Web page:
On Tuesday, China’s state council announced to great fanfare a plan that would make it easier for investors outside China to buy and sell stocks traded on the mainland’s second-largest equity board, the Shenzhen Stock Exchange.
In Hong Kong, Charles Li, CEO of Hong Kong Exchange and Clearing Ltd., said the program, dubbed the Shenzhen-Hong Kong Stock Connect, could be up and running before Christmas. The Shenzhen link will be modeled on the Hong Kong-Shanghai Connect, a parallel program launched November 2014 to increase trade between Hong Kong and the Shanghai Stock Exchange.
This ought to be big news. China’s $11 trillion economy is the world’s second-largest, and home to lots of capital and some of the world’s biggest companies. China claims the world’s largest population of billionaires (568 in China compared to 535 in the United States). Chinese companies account for more than 100 of the Fortune Global 500. The market capitalization of the mainland’s two exchanges, Shanghai and Shenzhen, is roughly equal to that of Tokyo and Hong Kong respectively.
And yet the grand vision of “connecting” China’s capital and companies with the rest of the world brought no joy to markets this week. Stock prices in Shanghai and Shenzhen barely budged today. Among global investors, the responses have been slightly less charitable than reviews of Suicide Squad on Rotten Tomatoes.
What’s the problem? Continue reading “China’s equity disconnect”
An extraordinary coalition of business federations from the United States, Europe and Japan teamed up this week to send Beijing a message: back off of proposed cyber-security regulations that would force foreign firms to store data in China and surrender information and technology to Chinese security inspectors.
The business groups, which included the US Chamber of Commerce, BusinessEurope and Japan’s Keidanren, decried the new rules in a letter sent to Chinese premier Li Keqiang. Other signatories included more than 40 global industry groups representing financial services, technology and manufacturing sectors, and business lobbies from Australia, Mexico and Switzerland.
The petition was a response to draft regulations, announced by the China Insurance Regulatory Commission last month, requiring foreign insurers to use Chinese hardware and software to store and encrypt data. But global firms also are fuming over new banking regulations that would require them to hand over key technologies such as source codes and encryption algorithms to the Chinese government. (Beijing has delayed implementing those rules after protest from Washington.)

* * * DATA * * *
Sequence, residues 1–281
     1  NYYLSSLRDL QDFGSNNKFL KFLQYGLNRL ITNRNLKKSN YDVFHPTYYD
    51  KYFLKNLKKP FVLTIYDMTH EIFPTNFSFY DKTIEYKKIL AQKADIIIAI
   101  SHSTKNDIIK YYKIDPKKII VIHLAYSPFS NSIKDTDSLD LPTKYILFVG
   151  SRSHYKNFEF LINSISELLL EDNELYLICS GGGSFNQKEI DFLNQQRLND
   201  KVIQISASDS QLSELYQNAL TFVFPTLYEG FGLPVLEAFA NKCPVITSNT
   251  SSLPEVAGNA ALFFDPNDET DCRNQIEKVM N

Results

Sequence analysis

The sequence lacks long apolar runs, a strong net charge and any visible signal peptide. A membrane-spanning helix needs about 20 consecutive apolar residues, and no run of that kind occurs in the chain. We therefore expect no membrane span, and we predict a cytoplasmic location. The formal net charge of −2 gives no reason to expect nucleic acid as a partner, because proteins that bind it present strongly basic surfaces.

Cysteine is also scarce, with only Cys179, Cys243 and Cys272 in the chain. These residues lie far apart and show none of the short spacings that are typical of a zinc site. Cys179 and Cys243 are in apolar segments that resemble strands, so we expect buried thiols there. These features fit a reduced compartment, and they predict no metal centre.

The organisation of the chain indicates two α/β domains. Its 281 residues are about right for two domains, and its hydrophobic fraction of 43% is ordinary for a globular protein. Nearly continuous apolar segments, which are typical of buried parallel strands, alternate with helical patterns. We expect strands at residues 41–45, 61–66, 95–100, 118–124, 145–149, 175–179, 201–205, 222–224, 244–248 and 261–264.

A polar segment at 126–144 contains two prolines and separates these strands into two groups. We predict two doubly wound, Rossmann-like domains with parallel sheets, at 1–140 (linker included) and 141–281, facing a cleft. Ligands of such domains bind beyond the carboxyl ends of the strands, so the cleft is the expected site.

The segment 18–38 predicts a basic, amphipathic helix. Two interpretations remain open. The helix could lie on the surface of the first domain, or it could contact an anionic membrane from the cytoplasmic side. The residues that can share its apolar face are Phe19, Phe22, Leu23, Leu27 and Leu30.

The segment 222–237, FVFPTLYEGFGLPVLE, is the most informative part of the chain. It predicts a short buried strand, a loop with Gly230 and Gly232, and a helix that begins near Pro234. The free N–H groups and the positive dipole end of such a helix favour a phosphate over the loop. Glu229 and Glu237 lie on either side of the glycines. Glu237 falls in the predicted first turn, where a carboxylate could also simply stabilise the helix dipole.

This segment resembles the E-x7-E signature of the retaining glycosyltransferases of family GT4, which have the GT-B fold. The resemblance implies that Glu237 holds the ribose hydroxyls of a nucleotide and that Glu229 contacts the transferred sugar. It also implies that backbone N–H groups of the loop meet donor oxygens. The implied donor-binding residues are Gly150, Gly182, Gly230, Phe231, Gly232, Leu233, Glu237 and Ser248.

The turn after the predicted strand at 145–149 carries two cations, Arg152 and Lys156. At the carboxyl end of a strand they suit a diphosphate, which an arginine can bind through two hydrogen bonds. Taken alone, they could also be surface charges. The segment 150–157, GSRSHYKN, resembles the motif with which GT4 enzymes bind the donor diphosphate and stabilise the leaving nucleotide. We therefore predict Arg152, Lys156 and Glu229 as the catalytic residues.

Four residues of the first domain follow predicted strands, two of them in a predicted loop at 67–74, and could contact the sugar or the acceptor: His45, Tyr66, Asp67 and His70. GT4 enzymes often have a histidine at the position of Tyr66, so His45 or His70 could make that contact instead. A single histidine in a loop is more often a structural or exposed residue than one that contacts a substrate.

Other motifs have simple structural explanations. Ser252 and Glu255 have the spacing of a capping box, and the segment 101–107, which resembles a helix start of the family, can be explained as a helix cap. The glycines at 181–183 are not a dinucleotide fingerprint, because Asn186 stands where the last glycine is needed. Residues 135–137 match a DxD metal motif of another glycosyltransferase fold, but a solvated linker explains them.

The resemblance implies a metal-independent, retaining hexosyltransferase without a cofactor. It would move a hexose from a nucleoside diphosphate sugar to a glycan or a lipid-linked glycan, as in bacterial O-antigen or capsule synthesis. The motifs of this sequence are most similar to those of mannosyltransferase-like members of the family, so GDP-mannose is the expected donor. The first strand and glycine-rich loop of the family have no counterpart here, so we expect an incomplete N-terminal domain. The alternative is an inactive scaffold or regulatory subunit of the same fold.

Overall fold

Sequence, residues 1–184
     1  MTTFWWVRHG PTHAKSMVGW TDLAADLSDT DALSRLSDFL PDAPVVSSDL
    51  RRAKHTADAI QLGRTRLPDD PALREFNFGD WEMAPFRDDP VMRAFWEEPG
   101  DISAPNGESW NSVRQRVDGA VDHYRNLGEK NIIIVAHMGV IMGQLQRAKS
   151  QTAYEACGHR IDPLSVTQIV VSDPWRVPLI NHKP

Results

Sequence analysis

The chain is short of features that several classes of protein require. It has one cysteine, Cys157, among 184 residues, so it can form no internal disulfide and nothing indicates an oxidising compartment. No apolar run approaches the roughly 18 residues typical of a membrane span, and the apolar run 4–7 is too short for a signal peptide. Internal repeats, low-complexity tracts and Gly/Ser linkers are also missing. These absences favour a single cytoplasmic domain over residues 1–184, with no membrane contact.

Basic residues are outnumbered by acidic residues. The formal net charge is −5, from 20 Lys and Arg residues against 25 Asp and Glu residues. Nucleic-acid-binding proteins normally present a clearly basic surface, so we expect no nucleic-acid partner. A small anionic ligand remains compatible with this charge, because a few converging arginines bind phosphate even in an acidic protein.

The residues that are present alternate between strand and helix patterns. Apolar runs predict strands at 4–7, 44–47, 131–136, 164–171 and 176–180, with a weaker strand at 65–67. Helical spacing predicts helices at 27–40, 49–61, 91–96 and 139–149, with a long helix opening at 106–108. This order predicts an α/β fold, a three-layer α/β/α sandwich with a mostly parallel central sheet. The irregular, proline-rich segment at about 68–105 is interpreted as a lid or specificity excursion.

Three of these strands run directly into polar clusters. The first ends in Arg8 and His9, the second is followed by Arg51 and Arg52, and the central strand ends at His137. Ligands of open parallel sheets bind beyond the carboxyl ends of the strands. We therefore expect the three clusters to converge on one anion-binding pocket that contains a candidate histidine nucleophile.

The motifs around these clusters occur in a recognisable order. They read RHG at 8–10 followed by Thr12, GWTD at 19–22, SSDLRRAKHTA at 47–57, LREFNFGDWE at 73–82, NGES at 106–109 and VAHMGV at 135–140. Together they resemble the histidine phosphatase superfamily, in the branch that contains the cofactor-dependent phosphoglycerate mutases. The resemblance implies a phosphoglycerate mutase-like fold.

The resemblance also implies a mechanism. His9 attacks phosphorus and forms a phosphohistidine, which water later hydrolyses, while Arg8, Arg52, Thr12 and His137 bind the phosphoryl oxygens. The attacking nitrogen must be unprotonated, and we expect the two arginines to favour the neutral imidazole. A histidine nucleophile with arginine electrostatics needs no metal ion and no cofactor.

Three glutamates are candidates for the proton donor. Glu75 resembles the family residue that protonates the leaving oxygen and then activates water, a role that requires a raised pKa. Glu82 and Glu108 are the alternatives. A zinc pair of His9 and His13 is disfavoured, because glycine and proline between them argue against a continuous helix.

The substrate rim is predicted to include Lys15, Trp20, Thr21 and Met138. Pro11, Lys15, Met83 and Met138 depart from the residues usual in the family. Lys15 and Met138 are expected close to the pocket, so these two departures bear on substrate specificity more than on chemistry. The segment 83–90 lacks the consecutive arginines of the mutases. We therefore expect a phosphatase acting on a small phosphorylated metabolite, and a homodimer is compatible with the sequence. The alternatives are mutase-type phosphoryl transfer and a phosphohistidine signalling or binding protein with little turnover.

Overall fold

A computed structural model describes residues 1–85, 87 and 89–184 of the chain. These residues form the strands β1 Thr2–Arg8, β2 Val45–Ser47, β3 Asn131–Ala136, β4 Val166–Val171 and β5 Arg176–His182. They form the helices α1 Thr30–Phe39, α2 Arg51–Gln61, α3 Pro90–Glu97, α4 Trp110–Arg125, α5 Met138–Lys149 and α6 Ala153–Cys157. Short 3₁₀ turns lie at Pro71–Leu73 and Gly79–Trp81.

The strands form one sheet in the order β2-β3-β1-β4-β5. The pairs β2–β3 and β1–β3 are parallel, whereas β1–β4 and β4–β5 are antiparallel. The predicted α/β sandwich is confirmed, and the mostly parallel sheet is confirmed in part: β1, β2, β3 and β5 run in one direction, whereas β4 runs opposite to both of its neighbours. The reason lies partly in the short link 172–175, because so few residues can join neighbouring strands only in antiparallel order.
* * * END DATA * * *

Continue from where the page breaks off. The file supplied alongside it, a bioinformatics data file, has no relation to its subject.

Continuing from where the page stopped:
China insists it needs tighter controls on cyber-security and the Internet to guard against terrorism. Global companies aren’t buying it. The letter casts the regulations as thinly disguised protectionism and warns they will further isolate China from the global digital economy. The new provisions would “have no additional security benefits but would impede economic growth and create barriers to entry for both foreign and Chinese companies,” the letter declares. Continue reading “Beijing’s cyber-protectionism”
When Uber Technology chief executive Travis Kalanick announced earlier this week that Uber will sell its China operations to arch-rival Didi Chuxing Technology Co he joined a long line of global tech titans forced to retreat from China.
Yahoo surrendered China operations to Alibaba in 2005. EBay withdrew from China in 2006. Facebook and Twitter have been banned since 2009. Google shut down its China search engine in 2010. Instagram and Snapchat have been blocked since 2014.
Uber’s exit provides the starkest evidence to date that China—the world’s second largest economy and No 1 market for ride-hailing— is off-limits to non-Chinese technology firms. Continue reading “Barbarians shown the gate”